Georgia’s Powerful Ports
Measured in the simplest and broadest terms, the total economic impact of the ports on Georgia’s economy is $55.8 billion.
Georgia’s deepwater ports are a major linchpin of our outsized distribution industry, which is thriving. The ports are one of our strongest economic engines, and they generate substantial economic impacts.
The emergence of a transportation and logistics industry that’s one of the main clusters of distribution activity in North America is a big plus for the state’s continued economic growth and development, and helps to ensure that we reap some of the benefits of an expanding global economy.
Georgia’s deepwater ports industry consists of public marine terminals in Savannah and Brunswick owned by the Georgia Ports Authority, as well as private marine terminals that dot the Georgia coast.
Savannah’s port is one of the fastest growing container ports in the world, ending fiscal year 2006 with a 15.9 percent increase in the number of TEUs (Twenty-Foot Equivalent Units), and a record 2.04 million TEUs shipped.
In the previous fiscal year, the Port of Savannah saw a 12 percent increase in the number of TEUs, and a record 1.76 million TEUs shipped. Thus, the port is well on its way toward exceeding its goal of achieving a 150 percent increase in TEUs within 15 years. In fact, between 2000 and 2005 Savannah was the nation’s fastest growing port, with a compound annual growth rate of 16.5 percent; the national average was 9.7 percent.
The announcement of several new shipping services at the Port of Savannah, including a 20-year agreement with Maersk Line and a 15-year agreement with CMA CGM, enhance prospects for growth. Target and IKEA plan to build 4 million additional square feet of distribution space at the Savannah International Trade Park.
Meanwhile, the Port of Brunswick has carved a lucrative niche for itself in agricultural cargo and car shipments. A massive rail expansion project recently approved for this port will double its rail capacity.
The superb performance of Georgia’s ports reflects strong comparative advantages – resulting from a series of strategic expansions – that enable them to expand their share of regional and national waterborne cargo traffic.
With the expansion of Container Berth 8, the Port of Savannah will offer more than 9,800 feet of linear berthing space, enjoy a 20 percent increase in capacity and become the nation’s largest single terminal container facility. Phase one of the expansion was completed in 2006; the second phase will be completed this year.
I estimate that the statewide economic impact of the deepwater ports in fiscal year 2006 includes: $55.8 billion in sales (8 percent of Georgia’s total sales); $24.8 billion in gross state product (6 percent of Georgia’s total GSP); $14.9 billion in income (5 percent of Georgia’s total personal income); 286,476 full- and part-time jobs (7 percent of Georgia’s total employment); $3.5 billion in federal taxes; $1.6 billion in state taxes; and $1.2 billion in local taxes.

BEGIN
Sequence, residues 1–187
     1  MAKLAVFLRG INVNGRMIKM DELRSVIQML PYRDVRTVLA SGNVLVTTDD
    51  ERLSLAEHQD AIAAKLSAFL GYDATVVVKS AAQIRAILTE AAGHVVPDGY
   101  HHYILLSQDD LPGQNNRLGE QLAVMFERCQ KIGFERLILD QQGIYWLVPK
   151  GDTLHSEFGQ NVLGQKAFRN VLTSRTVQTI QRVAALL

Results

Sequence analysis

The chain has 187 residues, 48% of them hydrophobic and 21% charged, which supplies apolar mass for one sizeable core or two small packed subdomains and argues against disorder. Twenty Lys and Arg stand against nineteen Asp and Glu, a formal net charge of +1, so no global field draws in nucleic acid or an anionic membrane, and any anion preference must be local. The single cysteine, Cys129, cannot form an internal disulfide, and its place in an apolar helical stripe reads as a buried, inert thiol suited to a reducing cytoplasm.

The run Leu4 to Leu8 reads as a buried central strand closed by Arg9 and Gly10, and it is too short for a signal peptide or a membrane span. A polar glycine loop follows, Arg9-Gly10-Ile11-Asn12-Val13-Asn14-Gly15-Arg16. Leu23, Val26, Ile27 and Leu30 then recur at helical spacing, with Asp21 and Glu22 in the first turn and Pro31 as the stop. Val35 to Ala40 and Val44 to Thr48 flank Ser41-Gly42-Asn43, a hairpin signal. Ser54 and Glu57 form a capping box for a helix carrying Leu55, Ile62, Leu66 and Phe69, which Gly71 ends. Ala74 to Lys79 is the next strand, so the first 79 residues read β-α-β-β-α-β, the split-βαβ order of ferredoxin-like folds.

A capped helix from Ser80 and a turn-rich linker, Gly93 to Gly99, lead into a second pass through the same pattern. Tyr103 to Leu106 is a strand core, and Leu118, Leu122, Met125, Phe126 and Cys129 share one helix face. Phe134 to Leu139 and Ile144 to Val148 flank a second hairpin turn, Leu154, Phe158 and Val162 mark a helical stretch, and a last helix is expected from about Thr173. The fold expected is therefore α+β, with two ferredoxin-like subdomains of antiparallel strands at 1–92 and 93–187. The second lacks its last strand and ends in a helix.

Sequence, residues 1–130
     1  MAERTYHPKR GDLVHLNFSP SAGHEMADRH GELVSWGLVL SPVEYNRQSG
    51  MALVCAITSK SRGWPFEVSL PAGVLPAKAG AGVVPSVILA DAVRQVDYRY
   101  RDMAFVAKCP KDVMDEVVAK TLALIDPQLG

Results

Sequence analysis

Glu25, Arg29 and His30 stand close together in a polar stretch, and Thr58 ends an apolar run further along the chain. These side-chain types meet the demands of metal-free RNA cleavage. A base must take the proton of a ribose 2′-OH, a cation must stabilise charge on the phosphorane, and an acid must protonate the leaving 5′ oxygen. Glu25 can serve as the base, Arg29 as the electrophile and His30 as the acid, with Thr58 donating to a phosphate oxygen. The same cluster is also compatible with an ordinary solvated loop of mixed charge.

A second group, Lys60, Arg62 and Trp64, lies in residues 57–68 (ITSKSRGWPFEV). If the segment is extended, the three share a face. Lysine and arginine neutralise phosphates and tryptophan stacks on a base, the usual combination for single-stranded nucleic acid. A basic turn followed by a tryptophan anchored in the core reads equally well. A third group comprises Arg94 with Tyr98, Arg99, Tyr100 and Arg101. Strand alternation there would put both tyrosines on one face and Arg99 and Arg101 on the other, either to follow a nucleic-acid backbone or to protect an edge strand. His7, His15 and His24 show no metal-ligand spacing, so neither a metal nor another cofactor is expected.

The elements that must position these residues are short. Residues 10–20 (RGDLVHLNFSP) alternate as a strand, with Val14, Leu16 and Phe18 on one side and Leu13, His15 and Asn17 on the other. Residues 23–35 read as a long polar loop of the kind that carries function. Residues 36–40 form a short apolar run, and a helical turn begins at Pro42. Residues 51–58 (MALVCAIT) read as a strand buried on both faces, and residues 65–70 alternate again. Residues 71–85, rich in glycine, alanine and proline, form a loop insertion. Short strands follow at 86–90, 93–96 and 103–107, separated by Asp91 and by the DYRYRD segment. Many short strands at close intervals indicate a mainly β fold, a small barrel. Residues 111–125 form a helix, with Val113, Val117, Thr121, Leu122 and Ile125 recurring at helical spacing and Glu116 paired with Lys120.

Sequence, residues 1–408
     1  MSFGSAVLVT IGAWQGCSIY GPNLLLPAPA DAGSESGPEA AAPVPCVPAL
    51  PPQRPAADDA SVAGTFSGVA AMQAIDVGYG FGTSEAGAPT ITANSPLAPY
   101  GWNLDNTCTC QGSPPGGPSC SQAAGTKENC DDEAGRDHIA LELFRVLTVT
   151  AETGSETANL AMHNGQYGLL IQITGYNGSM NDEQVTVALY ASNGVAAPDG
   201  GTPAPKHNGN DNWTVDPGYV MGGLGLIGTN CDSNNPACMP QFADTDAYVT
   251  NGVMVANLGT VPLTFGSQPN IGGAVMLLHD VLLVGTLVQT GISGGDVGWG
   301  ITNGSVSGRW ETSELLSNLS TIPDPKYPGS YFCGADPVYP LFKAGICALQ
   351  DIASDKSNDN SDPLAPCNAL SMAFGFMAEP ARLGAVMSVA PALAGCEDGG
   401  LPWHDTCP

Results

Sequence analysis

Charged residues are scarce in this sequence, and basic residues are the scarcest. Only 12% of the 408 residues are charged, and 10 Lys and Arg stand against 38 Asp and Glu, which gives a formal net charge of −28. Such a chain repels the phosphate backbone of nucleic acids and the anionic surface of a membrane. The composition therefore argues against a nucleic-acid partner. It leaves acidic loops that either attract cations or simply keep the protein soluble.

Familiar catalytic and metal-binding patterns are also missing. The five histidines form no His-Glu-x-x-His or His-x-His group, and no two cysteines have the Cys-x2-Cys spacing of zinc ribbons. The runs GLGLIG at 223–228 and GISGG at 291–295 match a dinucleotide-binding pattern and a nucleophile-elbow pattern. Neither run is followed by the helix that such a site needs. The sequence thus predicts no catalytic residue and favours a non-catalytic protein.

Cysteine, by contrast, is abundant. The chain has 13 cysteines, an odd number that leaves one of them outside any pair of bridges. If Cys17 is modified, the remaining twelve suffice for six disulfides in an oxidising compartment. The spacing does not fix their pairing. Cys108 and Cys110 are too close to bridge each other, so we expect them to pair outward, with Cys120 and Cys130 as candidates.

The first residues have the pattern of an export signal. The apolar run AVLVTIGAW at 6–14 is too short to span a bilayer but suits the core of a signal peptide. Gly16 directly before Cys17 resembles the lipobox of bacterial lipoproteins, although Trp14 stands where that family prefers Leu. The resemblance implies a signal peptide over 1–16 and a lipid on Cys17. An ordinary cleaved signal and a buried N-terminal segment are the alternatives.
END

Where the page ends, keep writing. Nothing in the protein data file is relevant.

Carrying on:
Measured in the simplest and broadest possible terms, the total economic impact of the ports on Georgia’s economy is $55.8 billion. This amount represents the combined impact of the port industry and port users on output, which can be thought of as the equivalent of business revenue, sales or gross receipts.
Thus, the $55.8 billion output impact accounts for about 8 percent of Georgia’s total output in FY 2006. Of this amount, $2.8 billion (5 percent) represents the results from the ports industry and $52.9 billion (95 percent) represents the results from ports users.
Taking inflation into account, the 2006 output impact is 44 percent higher than it was in 2003.
Of the total output impact, $32.9 billion represents initial spending, or direct economic impact; and $22.8 billion is indirect and induced spending, or the re-spending (multiplier) impact. Dividing the $55.8 billion by $32.9 billion yields an average multiplier value of 1.694. On average, therefore, every dollar initially spent by either the ports industry and ports users generates an additional 69 cents for the economy.
The distribution of total economic impacts of cargo-based activity at the port facilities in Savannah and Brunswick indicates that containerized cargo accounts for 87 percent of the reported economic impacts. Breakbulk cargo accounts for 7 percent, and auto/vehicle cargo accounts for 4 percent. Liquid bulk and dry bulk cargoes account for about 2 percent and 1 percent, respectively.